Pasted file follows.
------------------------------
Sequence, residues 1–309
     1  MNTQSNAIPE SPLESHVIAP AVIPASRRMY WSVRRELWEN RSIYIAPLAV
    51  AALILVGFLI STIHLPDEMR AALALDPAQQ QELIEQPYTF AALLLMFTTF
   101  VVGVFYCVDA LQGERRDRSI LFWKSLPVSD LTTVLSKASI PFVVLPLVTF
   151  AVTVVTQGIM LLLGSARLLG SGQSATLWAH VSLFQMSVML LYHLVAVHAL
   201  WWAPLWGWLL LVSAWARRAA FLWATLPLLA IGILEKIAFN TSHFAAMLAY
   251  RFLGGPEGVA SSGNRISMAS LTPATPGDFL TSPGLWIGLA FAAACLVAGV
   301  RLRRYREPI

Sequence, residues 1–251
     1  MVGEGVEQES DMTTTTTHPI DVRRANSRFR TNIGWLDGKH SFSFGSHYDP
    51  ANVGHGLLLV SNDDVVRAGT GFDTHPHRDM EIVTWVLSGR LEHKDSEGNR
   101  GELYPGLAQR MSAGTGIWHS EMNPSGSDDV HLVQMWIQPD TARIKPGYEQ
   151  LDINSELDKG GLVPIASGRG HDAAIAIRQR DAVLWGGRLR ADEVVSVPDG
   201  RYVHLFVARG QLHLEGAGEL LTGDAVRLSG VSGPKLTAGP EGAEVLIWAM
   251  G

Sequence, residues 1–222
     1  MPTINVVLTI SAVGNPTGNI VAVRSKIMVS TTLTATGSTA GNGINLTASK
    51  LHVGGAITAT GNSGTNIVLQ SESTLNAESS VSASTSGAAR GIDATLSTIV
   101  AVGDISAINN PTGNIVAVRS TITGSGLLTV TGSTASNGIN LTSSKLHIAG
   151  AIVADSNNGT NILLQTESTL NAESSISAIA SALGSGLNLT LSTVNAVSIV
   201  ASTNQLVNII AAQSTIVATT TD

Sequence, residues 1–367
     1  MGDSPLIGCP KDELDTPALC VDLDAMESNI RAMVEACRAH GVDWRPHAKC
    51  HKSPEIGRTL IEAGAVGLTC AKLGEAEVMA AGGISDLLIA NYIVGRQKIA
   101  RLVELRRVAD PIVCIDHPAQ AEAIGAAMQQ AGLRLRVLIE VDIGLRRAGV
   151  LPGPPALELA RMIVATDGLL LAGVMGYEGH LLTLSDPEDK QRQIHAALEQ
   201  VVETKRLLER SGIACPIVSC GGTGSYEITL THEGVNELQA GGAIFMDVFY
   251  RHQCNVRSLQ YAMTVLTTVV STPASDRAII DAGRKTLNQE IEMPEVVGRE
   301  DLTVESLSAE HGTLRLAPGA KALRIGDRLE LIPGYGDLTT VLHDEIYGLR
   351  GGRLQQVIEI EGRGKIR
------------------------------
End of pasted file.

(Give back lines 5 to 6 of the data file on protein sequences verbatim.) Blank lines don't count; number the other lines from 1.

   151  AVTVVTQGIM LLLGSARLLG SGQSATLWAH VSLFQMSVML LYHLVAVHAL
   201  WWAPLWGWLL LVSAWARRAA FLWATLPLLA IGILEKIAFN TSHFAAMLAY